THe probability that ARM Cortex chips have no ESD protection is near zero. But if you have IO cables. Plan on TVS chips for all IO pins.
     
  14. MrAl

    MrAl Well-Known Member Most Helpful Member

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    Hello again,

    Thanks much guys for trying to help. This turned out to be a very strange problem.

    First, do i think they have such a great product that they dont want to reveal the inner workings? I have to say that i can not agree with that because most companies that have a great product want to show it off, so i dont see any benefit from not telling anyone they have the best ESD protection on the earth. I have to assume you were joking :)
    Could i be wrong? Yes, but i would see that as a strong selling point so i cant see why they would not tell anyone.

    Let me restate the simpler problem...
    Say we want to use one of the analog inputs. Say the analog reference is 3.3v, so that gives us a range of 0 to 3.3v for the analog input. If we go over 3.3v, the upper ESD "diode" will start to conduct at some point and thus shunting the current to the +3.3v supply. If this is a significant current, the +3.3v supply may actually see a small blip that raises that voltage by a small amount like 0.001v, taking it to 3.301v for example. It could be higher than that though, depending on the total impedance load with is the core itself along with any peripherals connected to the +3.3v supply.
    But we dont worry about the +3.3v blip for now, we just have to make sure that upper diode doesnt blow out when there is an over voltage on the network that makes up the ADC external circuit.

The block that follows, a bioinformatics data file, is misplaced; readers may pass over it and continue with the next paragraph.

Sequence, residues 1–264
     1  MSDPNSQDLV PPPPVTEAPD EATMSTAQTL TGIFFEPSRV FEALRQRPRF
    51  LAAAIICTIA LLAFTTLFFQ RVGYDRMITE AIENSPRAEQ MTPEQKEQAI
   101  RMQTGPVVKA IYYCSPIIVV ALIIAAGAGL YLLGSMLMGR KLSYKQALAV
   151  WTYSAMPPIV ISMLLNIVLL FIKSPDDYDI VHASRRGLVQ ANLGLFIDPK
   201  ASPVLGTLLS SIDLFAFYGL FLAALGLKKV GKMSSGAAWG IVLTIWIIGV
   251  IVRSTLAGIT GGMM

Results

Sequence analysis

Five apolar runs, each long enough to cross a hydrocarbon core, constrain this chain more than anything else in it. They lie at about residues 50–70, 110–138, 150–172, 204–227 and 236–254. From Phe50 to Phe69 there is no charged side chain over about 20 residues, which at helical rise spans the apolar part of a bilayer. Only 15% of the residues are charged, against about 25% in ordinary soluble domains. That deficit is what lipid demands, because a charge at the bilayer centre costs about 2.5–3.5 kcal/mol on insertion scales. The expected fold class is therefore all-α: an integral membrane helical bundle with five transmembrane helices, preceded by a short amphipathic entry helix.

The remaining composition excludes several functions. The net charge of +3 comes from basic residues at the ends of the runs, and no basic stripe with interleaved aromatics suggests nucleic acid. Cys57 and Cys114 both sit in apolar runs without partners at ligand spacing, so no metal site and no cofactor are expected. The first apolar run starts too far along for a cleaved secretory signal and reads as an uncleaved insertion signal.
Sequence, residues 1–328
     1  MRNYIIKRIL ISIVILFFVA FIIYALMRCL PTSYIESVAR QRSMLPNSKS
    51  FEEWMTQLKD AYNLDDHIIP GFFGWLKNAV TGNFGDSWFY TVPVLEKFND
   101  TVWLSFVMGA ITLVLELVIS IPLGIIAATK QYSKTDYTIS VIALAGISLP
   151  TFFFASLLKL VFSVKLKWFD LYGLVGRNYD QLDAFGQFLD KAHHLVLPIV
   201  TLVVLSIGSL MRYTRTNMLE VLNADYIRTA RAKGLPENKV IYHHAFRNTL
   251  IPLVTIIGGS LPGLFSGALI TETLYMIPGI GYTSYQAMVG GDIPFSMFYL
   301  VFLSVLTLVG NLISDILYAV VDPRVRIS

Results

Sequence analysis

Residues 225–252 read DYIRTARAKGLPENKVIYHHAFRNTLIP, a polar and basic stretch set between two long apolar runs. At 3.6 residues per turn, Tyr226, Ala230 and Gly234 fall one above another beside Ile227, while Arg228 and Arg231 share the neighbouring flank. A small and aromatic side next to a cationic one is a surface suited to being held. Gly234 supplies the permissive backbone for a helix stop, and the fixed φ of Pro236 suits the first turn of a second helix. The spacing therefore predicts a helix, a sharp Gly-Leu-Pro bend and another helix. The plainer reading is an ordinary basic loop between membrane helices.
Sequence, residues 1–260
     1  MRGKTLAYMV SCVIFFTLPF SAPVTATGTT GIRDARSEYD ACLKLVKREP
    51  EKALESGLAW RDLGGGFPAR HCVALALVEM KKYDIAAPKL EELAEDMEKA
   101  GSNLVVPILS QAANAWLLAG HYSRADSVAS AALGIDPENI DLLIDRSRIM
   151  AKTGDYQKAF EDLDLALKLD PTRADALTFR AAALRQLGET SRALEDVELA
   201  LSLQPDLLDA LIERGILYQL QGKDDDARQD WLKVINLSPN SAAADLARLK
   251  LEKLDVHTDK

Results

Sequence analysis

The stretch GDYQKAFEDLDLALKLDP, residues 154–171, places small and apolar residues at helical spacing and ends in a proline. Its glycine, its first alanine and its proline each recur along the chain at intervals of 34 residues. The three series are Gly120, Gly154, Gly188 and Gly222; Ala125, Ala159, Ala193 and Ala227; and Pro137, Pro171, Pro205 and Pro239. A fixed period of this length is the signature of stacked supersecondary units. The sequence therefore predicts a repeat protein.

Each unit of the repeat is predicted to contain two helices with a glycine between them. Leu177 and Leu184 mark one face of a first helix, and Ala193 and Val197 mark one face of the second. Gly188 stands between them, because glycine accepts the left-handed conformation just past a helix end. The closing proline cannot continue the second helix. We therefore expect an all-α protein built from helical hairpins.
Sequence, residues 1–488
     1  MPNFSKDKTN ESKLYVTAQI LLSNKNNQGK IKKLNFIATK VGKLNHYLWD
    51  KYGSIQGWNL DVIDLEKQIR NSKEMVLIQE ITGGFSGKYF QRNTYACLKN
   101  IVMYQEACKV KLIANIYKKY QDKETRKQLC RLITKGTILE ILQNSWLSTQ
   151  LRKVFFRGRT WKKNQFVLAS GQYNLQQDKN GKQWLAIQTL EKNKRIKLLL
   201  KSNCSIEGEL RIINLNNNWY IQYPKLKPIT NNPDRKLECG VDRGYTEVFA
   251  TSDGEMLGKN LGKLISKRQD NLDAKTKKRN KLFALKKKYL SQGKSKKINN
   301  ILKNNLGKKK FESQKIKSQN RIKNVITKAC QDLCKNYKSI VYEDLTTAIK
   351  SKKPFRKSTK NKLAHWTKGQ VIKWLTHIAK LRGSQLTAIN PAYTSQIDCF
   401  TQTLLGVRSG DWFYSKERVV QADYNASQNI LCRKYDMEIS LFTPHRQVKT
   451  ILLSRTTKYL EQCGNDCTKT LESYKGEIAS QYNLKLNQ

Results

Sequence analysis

Now say the ADC external circuit only has to measure from 0 to 3.3v, and may have a 5v over voltage. Since the range is the same as the ADC, 0 to 3.3 v, we dont need a voltage divider, but to protect the internal diode we do need a series resistor, and although that raises the acquisition time a little at least we are protecting the diode.
    So the question then is, what size resistor do we use?

    With many of the PIC chips, the rating for each diode is 20ma max. So lets say we cut that in half to be safe, and design for a max of 10ma. We end up with the formula:
    R=(V1-V2)/I
    so for this problem:
    R=(5-3.3)/0.01
    so:
    R=1.7/0.01
    R=170 ohms.

    and if we wanted to protect against buss contention with this resistor we would need:
    R=5/0.01
    so:
    R=500 ohms.

    So in both cases we were able to calculate a reasonable value for the external series resistor, and it took less than about 120 seconds to even type this all out.

    Now on to the Atmel chips...

    First problem with the over voltage:
    R=(5-3.3)/I
    so:
    R=1.7/?
    so:
    R=?

    and second problem with the buss contention:
    R=5/I
    so:
    R=5/?
    so:
    R=?

    Because we dont know the current rating, we have no way to determine the required external resistor.

    Also, the human body model is hard to relate to a constant value for the current. We dont really know the diode area and physical stuff like that which would help figure out the thermal properties of the diode and maybe allow us to calculate an equivalent constant current.


    Maybe they are partners with a company that makes external ESD protection devices, so that they can help sales for that second company.
     
  15. KeepItSimpleStupid

    KeepItSimpleStupid Well-Known Member Most Helpful Member